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Heading to class or work along George Washington Way? Be ready for delays

Schools are increasingly worried about drivers who pass school buses

After 5 children died waiting for a school bus this fall, schools are increasingly concerned about drivers who are driving distracted or passing a stopped school bus. Drivers can be cited if the bus driver gets the offender’s license-plate number.
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After 5 children died waiting for a school bus this fall, schools are increasingly concerned about drivers who are driving distracted or passing a stopped school bus. Drivers can be cited if the bus driver gets the offender’s license-plate number.

One of the busiest streets in the Tri-Cities is about to get even more hectic.

Construction along George Washington Way will make it tricky for parents and students heading back to class next week.

The city is in the middle of repaving about 5 miles between Guyer Avenue and Horn Rapids Road.

This will affect Jefferson and Sacajawea elementary schools, Hanford High School and WSU Tri-Cities.

The city has set up a temporary crosswalk in front of the Best Western Hotel to provide a safe place for children waking to Jefferson Elementary and the Early Learning Center.

Up the street at Sacajawea, students will be able to cross George Washington Way at Saint Street.

The crosswalks will be staffed each school day, and paraeducators will be there to walk with students across the street before and after school.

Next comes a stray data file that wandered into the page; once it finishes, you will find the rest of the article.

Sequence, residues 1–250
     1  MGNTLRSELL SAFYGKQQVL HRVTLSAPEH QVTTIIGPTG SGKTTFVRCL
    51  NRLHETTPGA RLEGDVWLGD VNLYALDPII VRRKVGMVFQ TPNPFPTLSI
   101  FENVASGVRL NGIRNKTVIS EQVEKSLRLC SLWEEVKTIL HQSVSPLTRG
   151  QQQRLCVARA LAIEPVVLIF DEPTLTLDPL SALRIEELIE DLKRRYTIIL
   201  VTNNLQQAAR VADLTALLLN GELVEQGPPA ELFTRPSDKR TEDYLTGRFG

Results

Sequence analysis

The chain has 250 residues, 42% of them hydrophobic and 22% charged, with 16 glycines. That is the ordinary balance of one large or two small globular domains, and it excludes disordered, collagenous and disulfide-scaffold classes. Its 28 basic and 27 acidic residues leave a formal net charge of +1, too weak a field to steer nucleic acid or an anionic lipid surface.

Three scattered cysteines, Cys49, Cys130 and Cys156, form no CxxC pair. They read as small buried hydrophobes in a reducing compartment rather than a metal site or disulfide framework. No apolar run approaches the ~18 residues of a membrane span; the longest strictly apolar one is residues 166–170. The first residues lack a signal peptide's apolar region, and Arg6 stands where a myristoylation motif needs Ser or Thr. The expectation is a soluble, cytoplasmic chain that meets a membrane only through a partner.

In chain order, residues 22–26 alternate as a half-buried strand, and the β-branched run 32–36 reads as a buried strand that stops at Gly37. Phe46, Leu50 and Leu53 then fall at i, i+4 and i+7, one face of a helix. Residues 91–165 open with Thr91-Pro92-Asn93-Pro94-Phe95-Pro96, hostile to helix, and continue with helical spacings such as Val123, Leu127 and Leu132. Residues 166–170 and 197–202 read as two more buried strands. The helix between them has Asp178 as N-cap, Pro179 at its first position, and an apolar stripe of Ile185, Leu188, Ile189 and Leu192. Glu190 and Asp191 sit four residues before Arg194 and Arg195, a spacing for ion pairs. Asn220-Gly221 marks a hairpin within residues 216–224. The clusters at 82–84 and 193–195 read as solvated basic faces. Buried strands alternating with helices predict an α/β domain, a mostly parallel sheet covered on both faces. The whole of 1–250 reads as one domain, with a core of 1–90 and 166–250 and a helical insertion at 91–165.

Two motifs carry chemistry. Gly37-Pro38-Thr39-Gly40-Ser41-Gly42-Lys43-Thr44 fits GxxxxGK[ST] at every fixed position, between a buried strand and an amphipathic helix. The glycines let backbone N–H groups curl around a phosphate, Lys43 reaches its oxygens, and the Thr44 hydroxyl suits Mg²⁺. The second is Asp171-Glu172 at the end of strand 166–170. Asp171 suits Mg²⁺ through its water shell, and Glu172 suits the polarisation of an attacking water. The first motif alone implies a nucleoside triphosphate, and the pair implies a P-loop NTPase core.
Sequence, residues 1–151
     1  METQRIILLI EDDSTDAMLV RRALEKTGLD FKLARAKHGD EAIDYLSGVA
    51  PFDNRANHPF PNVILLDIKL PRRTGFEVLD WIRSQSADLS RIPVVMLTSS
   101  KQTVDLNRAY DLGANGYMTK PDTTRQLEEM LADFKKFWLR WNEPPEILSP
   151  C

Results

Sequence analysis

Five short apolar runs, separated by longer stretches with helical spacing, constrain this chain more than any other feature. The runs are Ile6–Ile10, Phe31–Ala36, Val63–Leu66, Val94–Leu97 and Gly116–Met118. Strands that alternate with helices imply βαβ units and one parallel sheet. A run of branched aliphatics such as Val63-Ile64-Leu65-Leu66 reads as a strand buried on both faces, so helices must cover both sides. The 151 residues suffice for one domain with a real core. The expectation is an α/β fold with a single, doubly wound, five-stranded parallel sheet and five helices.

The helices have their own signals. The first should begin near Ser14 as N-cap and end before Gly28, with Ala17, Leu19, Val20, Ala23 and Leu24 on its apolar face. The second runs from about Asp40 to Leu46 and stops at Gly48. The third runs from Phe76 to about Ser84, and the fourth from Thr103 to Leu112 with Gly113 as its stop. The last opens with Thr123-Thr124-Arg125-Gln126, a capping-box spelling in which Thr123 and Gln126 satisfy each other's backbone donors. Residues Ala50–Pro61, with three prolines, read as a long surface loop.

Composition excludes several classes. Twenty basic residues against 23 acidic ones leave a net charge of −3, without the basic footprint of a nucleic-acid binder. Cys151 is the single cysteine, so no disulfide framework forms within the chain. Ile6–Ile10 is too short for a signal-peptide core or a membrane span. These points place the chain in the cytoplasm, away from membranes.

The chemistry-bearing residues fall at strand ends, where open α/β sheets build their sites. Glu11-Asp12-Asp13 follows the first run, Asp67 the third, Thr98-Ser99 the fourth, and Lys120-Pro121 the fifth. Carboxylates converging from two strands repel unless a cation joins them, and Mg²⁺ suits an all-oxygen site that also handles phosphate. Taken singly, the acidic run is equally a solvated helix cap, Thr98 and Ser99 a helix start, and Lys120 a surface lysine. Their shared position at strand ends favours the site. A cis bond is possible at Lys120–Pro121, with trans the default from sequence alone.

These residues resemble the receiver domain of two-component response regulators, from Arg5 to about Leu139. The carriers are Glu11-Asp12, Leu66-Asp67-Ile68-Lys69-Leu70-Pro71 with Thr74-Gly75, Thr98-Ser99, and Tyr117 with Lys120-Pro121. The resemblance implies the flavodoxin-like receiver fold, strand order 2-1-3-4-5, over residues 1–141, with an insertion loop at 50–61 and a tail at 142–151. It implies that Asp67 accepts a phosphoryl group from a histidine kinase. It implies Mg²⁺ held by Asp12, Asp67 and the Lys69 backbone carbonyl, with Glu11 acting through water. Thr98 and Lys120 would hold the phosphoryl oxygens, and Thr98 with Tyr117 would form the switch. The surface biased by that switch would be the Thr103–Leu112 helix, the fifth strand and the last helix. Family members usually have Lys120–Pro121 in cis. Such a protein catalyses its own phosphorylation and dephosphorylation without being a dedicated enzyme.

Traveling to Hanford High School will be even trickier.

The district is suggesting people leave 15 minutes earlier and, if they can, carpool or find a different way to get to the school.

WSU Tri-Cities students were already dealing with the difficult travel on their way to the first day of classes last week.

Lane closures near the campus are expected to last for the next few weeks.

“Travelers are advised to use alternate routes to campus, such as Jadwin Avenue and Stevens Drive, and to enter campus from University Drive near the Wine Science Center,” officials said.

Cameron Probert covers breaking news and education for the Tri-City Herald, where he tries to answer readers’ questions about why police officers and firefighters are in your neighborhood. He studied communications at Washington State University.
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